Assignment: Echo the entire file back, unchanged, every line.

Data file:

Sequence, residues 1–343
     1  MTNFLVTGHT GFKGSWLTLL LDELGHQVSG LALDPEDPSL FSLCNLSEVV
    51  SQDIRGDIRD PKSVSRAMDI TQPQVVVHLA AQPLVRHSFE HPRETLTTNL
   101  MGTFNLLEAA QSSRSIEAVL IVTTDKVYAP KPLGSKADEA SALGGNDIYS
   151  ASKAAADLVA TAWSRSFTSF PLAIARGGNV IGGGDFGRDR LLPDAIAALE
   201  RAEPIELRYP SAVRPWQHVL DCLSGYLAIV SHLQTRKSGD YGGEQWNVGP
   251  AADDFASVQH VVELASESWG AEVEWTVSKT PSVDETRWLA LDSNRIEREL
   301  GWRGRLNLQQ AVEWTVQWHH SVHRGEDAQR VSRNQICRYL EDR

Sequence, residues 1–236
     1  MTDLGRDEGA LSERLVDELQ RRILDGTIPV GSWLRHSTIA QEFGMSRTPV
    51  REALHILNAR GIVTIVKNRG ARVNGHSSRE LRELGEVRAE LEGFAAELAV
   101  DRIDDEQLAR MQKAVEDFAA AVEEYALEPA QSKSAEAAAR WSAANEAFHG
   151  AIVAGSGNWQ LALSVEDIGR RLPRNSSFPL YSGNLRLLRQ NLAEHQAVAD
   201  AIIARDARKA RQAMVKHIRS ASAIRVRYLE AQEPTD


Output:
Sequence, residues 1–343
     1  MTNFLVTGHT GFKGSWLTLL LDELGHQVSG LALDPEDPSL FSLCNLSEVV
    51  SQDIRGDIRD PKSVSRAMDI TQPQVVVHLA AQPLVRHSFE HPRETLTTNL
   101  MGTFNLLEAA QSSRSIEAVL IVTTDKVYAP KPLGSKADEA SALGGNDIYS
   151  ASKAAADLVA TAWSRSFTSF PLAIARGGNV IGGGDFGRDR LLPDAIAALE
   201  RAEPIELRYP SAVRPWQHVL DCLSGYLAIV SHLQTRKSGD YGGEQWNVGP
   251  AADDFASVQH VVELASESWG AEVEWTVSKT PSVDETRWLA LDSNRIEREL
   301  GWRGRLNLQQ AVEWTVQWHH SVHRGEDAQR VSRNQICRYL EDR

Sequence, residues 1–236
     1  MTDLGRDEGA LSERLVDELQ RRILDGTIPV GSWLRHSTIA QEFGMSRTPV
    51  REALHILNAR GIVTIVKNRG ARVNGHSSRE LRELGEVRAE LEGFAAELAV
   101  DRIDDEQLAR MQKAVEDFAA AVEEYALEPA QSKSAEAAAR WSAANEAFHG
   151  AIVAGSGNWQ LALSVEDIGR RLPRNSSFPL YSGNLRLLRQ NLAEHQAVAD
   201  AIIARDARKA RQAMVKHIRS ASAIRVRYLE AQEPTD